Not a lot of bands go from playing the cramped 7th Street Entry straight to the cavernous Roy Wilkins Auditorium, but the Postal Service made that remarkable leap Friday. Never mind the fact that the electro-pop duo went 10 years between local gigs.

A side project of Death Cab for Cutie frontman Ben Gibbard’s, the duo issued its one and only album, “Give Up,” and went on a short tour in 2003. Gibbard’s full-time group then broke big, and that was that. Or so it seemed.

Friday’s sold-out, heavily-under-30 fans — including many who weren’t even yet teenagers in 2003 — acted like they were seeing a favorite dream come to life. In the interim decade, the Postal Service has produced countless sound-alike acts (Minnesota’s Owl City being one) and grew into a staple of dorm-room, coming-of-age mope sessions. A two-CD reissue of “Give Up” in April prompted Gibbard to finally reunite with his PS mate, electronic producer Jimmy Tamborello.

“It just goes to show: If you want your band to be successful, just play 7th Street Entry and wait 10 years,” joked Gibbard, who was uncharacteristically all smiles all night.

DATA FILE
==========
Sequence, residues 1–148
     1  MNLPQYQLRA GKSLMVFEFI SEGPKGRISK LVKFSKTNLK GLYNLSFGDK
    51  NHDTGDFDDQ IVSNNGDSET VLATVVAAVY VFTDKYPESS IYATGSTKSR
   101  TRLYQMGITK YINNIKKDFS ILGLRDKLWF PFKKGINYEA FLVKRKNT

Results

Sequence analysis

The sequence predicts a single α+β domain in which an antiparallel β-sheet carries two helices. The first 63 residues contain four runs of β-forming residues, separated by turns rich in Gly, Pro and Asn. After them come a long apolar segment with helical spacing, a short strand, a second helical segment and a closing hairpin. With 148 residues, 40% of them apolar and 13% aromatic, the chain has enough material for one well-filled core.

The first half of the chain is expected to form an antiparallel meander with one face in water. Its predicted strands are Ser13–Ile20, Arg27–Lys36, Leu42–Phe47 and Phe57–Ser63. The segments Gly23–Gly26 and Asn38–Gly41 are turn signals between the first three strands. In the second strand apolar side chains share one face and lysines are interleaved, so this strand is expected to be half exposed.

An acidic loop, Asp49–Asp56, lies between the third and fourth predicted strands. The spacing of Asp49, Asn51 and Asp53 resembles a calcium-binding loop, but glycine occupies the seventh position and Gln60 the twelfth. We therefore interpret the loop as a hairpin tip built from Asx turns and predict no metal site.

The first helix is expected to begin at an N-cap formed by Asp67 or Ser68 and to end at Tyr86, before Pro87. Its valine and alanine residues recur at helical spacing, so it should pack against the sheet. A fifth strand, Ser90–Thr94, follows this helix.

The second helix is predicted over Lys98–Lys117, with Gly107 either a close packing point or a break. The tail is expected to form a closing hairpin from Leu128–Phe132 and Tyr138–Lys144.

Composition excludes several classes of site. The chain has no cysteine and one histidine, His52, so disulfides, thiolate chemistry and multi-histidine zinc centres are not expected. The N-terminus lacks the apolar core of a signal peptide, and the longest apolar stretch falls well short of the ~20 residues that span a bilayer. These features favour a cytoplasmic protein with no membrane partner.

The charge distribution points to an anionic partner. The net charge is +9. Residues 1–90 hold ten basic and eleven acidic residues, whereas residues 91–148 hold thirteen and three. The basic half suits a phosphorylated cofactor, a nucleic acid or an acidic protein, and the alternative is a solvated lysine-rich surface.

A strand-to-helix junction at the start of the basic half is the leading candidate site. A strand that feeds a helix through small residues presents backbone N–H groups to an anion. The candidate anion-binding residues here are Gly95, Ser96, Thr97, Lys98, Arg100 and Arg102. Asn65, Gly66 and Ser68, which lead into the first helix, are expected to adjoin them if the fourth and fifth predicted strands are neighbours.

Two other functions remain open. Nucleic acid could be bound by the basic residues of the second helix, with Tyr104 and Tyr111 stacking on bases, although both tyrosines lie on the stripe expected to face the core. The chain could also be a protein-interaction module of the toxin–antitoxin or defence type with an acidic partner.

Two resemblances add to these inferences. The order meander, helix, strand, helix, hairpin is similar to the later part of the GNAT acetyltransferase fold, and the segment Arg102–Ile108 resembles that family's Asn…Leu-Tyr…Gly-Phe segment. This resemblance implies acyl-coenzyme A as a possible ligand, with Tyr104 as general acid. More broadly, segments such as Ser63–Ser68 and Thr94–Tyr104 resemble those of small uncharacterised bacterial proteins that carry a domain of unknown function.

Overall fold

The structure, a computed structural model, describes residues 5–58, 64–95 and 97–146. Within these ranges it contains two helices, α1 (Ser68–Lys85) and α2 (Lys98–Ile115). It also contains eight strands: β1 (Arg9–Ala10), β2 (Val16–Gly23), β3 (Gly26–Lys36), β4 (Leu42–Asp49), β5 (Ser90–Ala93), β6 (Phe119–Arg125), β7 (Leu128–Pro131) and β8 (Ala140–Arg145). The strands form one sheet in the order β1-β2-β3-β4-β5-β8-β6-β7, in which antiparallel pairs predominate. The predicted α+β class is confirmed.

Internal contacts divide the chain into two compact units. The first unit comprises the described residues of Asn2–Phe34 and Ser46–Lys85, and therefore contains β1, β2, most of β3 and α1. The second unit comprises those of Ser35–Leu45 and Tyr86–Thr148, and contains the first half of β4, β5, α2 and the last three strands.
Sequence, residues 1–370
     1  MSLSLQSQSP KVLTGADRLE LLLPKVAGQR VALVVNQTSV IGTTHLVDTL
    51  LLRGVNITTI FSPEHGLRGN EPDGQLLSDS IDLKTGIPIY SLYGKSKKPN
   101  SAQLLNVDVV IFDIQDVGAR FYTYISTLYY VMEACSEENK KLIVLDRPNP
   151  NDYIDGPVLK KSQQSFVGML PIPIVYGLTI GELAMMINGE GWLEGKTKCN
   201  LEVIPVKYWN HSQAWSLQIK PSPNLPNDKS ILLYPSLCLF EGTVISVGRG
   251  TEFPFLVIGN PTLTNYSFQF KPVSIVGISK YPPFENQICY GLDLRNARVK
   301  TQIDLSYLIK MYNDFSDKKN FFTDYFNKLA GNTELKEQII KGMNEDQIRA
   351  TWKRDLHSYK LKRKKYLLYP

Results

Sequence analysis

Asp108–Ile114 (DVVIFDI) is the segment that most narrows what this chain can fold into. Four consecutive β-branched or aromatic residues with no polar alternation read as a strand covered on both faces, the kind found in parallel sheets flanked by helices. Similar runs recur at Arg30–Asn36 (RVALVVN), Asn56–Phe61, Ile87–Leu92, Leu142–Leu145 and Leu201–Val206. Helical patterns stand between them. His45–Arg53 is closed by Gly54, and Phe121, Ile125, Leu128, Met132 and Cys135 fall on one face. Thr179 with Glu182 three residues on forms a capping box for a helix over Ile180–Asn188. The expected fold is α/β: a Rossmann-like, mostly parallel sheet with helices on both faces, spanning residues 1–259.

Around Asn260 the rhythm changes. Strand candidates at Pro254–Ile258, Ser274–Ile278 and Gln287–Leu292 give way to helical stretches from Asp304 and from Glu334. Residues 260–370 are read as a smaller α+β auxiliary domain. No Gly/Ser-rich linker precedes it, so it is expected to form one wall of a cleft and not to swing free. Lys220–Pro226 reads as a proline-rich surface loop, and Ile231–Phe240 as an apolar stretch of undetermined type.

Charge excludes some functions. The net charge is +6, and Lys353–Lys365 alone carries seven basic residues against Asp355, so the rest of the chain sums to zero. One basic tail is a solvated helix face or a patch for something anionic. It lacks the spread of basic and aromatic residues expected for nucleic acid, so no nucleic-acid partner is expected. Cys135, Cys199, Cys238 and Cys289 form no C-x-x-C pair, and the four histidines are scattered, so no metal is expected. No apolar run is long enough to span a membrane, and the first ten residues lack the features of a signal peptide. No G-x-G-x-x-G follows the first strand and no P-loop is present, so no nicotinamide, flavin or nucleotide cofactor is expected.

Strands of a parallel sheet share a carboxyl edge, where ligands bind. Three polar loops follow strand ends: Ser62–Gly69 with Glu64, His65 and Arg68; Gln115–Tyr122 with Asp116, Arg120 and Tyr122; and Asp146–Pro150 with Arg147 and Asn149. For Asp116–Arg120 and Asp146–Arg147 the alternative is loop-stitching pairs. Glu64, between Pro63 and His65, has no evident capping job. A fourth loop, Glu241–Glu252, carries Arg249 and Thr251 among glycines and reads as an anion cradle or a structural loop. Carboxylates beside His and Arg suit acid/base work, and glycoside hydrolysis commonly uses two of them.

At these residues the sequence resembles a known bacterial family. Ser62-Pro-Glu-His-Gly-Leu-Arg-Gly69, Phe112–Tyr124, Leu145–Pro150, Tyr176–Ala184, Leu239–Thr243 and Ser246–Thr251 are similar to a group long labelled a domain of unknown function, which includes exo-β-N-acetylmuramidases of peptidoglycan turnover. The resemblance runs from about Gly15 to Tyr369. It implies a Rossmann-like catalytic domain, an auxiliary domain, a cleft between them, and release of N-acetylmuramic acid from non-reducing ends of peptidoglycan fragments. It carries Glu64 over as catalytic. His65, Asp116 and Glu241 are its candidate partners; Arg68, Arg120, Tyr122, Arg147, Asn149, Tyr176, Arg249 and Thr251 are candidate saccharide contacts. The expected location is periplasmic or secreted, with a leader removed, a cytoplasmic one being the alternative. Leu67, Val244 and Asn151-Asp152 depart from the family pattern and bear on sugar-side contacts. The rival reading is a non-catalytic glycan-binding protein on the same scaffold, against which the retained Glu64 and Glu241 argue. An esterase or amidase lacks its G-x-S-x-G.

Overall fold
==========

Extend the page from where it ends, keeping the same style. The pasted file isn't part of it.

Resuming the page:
But then what red-blooded male wouldn’t be cheery when Jenny Lewis is beside him all night? The Rilo Kiley frontwoman, who sang on “Get Up,” added oodles of playfulness to the 80-minute set. She danced like a teenage clubber with Gibbard in “Nothing Better” (in which she also sang lead vocals) and traded off drum duties with him from time to time. Laura Burhenn of Omaha’s Mynabirds also joined in on keyboards and harmonies.

Aside from adding life to the party, though, the extra vocalists weren’t really needed, what with the way the audience loudly sang along to such songs as “We Will Become Silhouettes” (second on the set list) and “Such Great Heights” (pre-encore finale).

It really was a surprise how well the music held up — not just in the 10-year interim, but in the transformation from intimate, homemade, laptop-produced tracks to tunes well-suited for a large, high-energy concert. Among the most unforeseeable highlights, “Be Still My Heart” proved far more climactic and nervy on stage, and the reissue bonus track “Turn Around” became a sassy romp.

Some of it proved to be filler, too. The bonus B-side “There’s Never Enough Time” never fully gelled, and even the album track “Recycled Air” lagged. On the other hand, Gibbard & Co. added two fun extracurricular cuts: “The Dream of Evan and Chan” by Tamborello’s main act Dntel and “Our Secret” from the Beat Happening — whom Gibbard introduced as “the greatest band west of the Replacements.”

Adding greatly to the concert’s sweet tone was opening act Mates of State, aka Midwest-reared couple Kori Gardner and Jason Hammel. The piano-pop spouses played as a duo but went over big with “Get Better” and a finale cover of Daniel Johnston’s “True Love Will Find You in the End.” The latter could’ve been the theme song for Friday’s long-awaited love-in of a concert.